|Coyotes have been a growing problem for parts of Orange|
County, but a humane solution has yet to be found.
(Location of image unknown, via Surf City Voice)
"That's very concerning to us that the coyotes are as bold as they are, not showing fear of humans, that they're coming so closely in very urban areas and attacking the dogs right outside of some folks' homes," said Jim Beres, a Laguna Woods Animal Services supervisor.
The problem also exists in Anaheim, where residents who were frustrated by the inaction of the city despite the many complaints about coyotes, decided to pool their money together to hire a private trapper. Southern California Edison, which owns several miles of nursery land that runs beneath the power lines in the area, gave permission to have the traps set up on their property.
When a few weeks ago Animal Control had to euthanize a coyote that had been trapped and was in distress, the reaction was mixed. While residents agree that the result would not be enough to fully alleviate the problem, the biggest protest came from a group of Native Americans, who visited a City Council meeting on Tuesday to address their concerns.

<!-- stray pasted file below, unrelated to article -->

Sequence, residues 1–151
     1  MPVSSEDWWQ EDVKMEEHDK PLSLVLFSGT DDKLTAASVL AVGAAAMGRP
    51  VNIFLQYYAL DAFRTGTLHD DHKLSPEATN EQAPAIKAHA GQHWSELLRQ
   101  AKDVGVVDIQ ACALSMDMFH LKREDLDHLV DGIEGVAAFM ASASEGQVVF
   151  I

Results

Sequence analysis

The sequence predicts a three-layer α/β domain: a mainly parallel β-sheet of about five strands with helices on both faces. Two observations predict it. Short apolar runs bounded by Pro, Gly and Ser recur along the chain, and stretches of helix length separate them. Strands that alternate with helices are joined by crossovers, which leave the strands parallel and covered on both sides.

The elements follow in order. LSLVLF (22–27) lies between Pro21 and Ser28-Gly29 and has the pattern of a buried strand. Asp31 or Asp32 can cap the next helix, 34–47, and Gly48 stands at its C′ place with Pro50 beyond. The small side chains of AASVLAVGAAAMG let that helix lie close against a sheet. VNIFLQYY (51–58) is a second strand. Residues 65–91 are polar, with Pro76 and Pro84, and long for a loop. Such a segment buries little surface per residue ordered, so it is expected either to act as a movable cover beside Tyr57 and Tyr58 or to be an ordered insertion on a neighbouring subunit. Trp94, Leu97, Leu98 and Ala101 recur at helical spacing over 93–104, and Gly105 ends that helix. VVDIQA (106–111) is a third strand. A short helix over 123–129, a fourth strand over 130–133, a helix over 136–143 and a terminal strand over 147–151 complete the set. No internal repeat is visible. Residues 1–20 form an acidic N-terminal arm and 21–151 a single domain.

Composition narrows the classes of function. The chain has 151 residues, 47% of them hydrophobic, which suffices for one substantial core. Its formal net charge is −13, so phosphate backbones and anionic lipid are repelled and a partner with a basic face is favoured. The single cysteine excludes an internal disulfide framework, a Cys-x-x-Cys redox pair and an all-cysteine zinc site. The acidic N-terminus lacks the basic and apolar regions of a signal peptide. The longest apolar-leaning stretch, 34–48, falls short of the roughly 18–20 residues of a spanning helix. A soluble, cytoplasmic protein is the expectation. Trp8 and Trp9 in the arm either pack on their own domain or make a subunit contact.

|Apache Daklugie Running-Hawk and Carlos White Eagle|
came to an Anaheim City Council meeting to ask that
coyotes not be trapped and euthanized
(image via OC Register)
Apache Daklugie Running-Hawk, who said he is a spiritual leader for the Tarasco Nation band of Indians (based in Lucerne Valley), also spoke to the Council, saying, "These are our four-legged friends, and this is their land. Now they are trying to drive them out, like they drove us (Native Americans) out generations ago. We need to live among them and learn from them."
While the City took no action, Edison has since asked the traps to be removed.